Reflecting on Truth and Reconciliation

 

Let me be very clear from the beginning, as much as I can learn about the trauma of Residential Schools, I’ll never truly understand it. The trauma is not mine. That has been an important lesson for me.

A few days ago I was asked how I plan to pursue Truth and Reconciliation as a member of City Council. I paused before I responded because questions like this deserve respect. If we are to meaningfully do this work, we must commit to doing it every single day. Full stop. But you’ve heard that before. We’ve all heard the empty platitudes of politicians who make statements of guilt rather than taking action.

This is not that—this is a commitment to continue my pursuit of Truth and Reconciliation.

 Five years ago, I was hired by the University of British Columbia to teach an Aboriginal Access University Prep Course. The University partnered with the Ki-Low-Na Friendship Society to find a space for adult Indigenous students to re-enter the classroom in the pursuit of a post-secondary education.

I made many mistakes in that classroom, and I learned a lot, too.

I learned that my own education did not teach me the history of this country. The facts I learned in school did not prepare me to confront systemic discrimination in all of its forms. However, standing in front of those students—some of whom were Residential School survivors themselves—I learned quickly how much work was left for me to do in order to truly become a part of reconciliation here on Turtle Island.

That work continues—as a teacher, as an advocate, as a candidate, as a Calgarian, as a Canadian.

I am a settler on this land. I carry with me privileges that stem from living on stolen land, from broken treaties, and from discriminatory systems and policies built to prevent and deny Indigenous peoples the equality of opportunity so many others take for granted, myself included.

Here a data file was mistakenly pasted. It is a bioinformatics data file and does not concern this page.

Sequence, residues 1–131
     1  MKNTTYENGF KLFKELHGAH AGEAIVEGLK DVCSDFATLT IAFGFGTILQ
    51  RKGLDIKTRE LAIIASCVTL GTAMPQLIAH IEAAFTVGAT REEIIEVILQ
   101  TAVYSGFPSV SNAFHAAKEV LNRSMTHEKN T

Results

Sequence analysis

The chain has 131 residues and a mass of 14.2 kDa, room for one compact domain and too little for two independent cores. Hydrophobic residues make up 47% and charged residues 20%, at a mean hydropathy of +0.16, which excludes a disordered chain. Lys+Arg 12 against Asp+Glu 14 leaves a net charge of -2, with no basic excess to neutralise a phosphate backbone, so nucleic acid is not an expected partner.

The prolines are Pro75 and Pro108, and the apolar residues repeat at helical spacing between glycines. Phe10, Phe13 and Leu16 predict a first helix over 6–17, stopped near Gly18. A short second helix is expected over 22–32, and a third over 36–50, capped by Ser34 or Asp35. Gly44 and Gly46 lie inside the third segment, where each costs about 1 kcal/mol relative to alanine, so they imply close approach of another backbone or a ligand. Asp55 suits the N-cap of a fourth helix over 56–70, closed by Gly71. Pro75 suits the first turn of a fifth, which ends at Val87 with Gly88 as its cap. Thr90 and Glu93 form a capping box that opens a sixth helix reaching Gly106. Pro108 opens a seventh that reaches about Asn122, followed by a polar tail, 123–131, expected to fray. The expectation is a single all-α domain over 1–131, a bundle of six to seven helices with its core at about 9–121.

During the summer protests of 2020, my students expressed their fear that when it all calmed down, people would settle back into normalcy and change would never truly happen. My students were worried we’d forget about George Floyd, Breonna Taylor, and Ahmad Arbery the same way we forgot about Philando Castille, Trayvon Martin, and Oscar Grant. I responded with a morbid reality. I told my students, “There will always be more bodies.”

I regret saying it without the sensitivity it deserved, but it was honest, and honesty is sometimes very painful. I said it because I knew it to be true. I said it because I knew that until we truly did the work of healing, there will be more pain. I knew that the shame of our history would ebb and flow with the bodies in the street or in the ground. I knew we’d protest again.

So when the discovery of 215 bodies were made at the Kamloops Indian Residential School, those words echoed in my memory.

Then another 104 bodies were found in Brandon, Manitoba. Another 38 in Regina. Another 35 near Lestock, Saskatchewan. And today we found an unmarked gravesite with an estimated 751 bodies.

More than 10 years ago, the Truth and Reconciliation Commission asked for $10-million to search for, and identify, burial sites across Canada—and was denied by the federal government due to budget constraints. If we had acted upon principles of morality, truth, and reconciliation then, we could’ve begun healing 10 years ago. There are few political advantages in taking the moral high road. The cost of morality is always high. The cost of Truth and Reconciliation is impossible to truly quantify. The cost of doing the right thing should never be reason for inaction.

So when asked how I will pursue Truth and Reconciliation as a member of City Council, I openly acknowledge that I don’t have all the answers and that this work must be done in the spirit of partnership and collaboration as one of many caretakers of this land. However, one thing is true: I will confront these realities—even if they are ugly and shameful and heartbreaking—with the honesty and action they deserve.

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